What is IoT

The Internet of Things (IoT) is a system of interrelated computing devices, mechanical and digital machines, objects, animals or people that are provided with unique identifiers and the ability to transfer data over a network without requiring human-to-human or human-to-computer interaction.

A thing, in the Internet of Things, can be a person with a heart monitor implant, a farm animal with a biochip transponder, an automobile that has built-in sensors to alert the driver when tire pressure is low — or any other natural or man-made object that can be assigned an IP address and provided with the ability to transfer data over a network. 

IoT has evolved from the convergence of wireless technologies, micro-electromechanical systems (MEMS), micro services and the internet. The convergence has helped tear down the silo walls between operational technology (OT) and information technology (IT), allowing unstructured machine-generated data to be analyzed for insights that will drive improvements.

Why IoT?

Companies are always looking for new and innovative ways to improve services, automate processes and reduce costs, and the collection of data that leads to actionable insights is often an enabler for these improvements. Adoption of IoT technologies has increased dramatically as they can unlock new data sets combined with lightning fast analytics that can in turn transform businesses.

  1. Collecting Data

The heart of most IoT projects is data collection.  Low costs sensors and standard protocols means it has never been easier to collect data such as temperature, light, velocity, direction, altitude and many other indicators. You can collect the data in a centralized database for analytical purposes or view the data in real-time for functions such as monitoring.  For example, you may wish to collect energy data from your home for different appliances to see which ones are currently being used, and at the end of the month analyze which appliances use the most energy. This type of analysis can help you to manage your energy consumption.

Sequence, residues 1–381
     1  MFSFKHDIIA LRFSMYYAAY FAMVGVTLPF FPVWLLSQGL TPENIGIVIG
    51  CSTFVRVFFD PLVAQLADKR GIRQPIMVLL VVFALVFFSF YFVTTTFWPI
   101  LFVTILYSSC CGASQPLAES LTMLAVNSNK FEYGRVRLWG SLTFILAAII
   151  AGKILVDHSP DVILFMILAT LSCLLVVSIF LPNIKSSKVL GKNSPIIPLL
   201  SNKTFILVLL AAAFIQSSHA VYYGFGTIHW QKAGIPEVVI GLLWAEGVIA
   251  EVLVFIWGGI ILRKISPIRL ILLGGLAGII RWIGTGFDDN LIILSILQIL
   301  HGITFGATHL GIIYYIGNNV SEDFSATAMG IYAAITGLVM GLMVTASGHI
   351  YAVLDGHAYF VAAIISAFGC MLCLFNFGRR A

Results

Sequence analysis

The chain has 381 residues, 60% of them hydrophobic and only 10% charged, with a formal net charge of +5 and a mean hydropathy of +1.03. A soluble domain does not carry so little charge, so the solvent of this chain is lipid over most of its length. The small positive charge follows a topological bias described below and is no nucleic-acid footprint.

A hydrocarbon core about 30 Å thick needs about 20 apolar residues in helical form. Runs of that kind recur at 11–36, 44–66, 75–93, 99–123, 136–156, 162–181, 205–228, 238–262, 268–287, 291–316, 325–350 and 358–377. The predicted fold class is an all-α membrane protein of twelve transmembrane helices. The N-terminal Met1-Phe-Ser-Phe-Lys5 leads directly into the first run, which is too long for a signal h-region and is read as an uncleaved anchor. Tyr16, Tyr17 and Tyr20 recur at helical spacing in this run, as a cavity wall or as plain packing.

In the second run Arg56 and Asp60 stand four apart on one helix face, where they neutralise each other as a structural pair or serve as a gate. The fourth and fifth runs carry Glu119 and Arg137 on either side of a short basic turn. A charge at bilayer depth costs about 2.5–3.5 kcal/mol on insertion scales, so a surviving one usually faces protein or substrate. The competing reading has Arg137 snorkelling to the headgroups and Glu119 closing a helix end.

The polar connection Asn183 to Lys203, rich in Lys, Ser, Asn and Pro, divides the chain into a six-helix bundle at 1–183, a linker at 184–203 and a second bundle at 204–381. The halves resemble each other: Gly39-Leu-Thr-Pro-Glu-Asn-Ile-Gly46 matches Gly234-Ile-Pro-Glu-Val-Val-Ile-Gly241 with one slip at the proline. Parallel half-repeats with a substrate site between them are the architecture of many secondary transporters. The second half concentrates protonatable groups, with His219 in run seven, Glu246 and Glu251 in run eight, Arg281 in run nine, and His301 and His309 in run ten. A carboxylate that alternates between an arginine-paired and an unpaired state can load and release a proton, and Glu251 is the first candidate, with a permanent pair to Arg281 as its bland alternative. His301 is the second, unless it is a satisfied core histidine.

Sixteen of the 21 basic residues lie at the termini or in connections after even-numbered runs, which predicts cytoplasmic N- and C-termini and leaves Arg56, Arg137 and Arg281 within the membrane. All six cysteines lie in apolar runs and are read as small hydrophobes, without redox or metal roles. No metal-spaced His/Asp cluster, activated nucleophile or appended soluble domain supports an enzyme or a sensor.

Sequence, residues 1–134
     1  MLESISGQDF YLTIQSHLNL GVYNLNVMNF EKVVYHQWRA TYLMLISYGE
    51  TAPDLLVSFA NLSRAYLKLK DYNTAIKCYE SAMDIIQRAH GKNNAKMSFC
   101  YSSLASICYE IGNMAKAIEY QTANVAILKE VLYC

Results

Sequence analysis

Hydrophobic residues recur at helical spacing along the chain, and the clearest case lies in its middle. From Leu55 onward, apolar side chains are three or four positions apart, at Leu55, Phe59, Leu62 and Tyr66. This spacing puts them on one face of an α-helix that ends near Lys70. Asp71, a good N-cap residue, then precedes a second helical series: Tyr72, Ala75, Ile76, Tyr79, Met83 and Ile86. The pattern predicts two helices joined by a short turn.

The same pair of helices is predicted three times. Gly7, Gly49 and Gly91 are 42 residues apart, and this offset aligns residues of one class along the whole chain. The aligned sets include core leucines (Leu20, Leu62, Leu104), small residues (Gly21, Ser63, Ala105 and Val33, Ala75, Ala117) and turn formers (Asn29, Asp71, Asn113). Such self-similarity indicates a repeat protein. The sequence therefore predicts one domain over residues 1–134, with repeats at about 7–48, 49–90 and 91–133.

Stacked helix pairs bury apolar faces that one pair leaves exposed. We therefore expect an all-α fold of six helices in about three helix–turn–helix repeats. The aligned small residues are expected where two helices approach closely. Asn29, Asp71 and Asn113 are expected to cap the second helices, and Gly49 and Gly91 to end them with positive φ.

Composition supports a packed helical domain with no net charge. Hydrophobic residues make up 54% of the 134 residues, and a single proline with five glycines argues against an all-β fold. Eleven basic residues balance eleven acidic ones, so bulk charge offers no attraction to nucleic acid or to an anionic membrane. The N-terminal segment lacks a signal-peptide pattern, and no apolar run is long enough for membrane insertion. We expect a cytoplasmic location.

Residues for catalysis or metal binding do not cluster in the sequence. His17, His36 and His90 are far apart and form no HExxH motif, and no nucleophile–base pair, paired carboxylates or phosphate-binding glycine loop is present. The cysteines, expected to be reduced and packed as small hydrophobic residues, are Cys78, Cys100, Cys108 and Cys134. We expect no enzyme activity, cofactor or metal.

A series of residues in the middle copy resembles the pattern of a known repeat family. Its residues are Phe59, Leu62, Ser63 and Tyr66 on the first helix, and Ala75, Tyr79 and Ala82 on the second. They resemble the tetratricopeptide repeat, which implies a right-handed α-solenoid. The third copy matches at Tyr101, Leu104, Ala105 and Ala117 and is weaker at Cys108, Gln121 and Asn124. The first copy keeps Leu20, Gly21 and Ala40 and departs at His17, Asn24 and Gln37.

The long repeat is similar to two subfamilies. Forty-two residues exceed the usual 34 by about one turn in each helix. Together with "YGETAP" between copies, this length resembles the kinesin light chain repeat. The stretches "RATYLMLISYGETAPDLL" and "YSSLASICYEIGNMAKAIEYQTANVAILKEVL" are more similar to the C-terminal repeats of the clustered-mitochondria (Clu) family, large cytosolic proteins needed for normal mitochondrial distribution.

1. Using the Data

All this extra data can only be helpful when we are able to gain an actionable insight from it. There are so many scenarios including:

  • Predictive Maintenance – Moving from routine maintenance to predicting when maintenance should occur by analyzing historical data and real-time sensor data to determine the condition of equipment.
  • Smart Use of Resources – Optimizing the use of resources such as water through analyzing sensor data.  For example, reducing spraying through combining soil moisture sensor data with weather forecast and plant drought tolerance information.
  • Environmental Monitoring – Providing real-time information on environmental factors such as air quality or pollen levels. The possibilities are endless, the question is what data can make a different to your business?

3.      Performing Action

Once you have collected data and you have actionable insights it’s time to perform those actions.  This could be as simple as firing off an order for more stock when a vending machine reports low levels, or something more complex such as device to device communication to perform certain actions if an event occurs.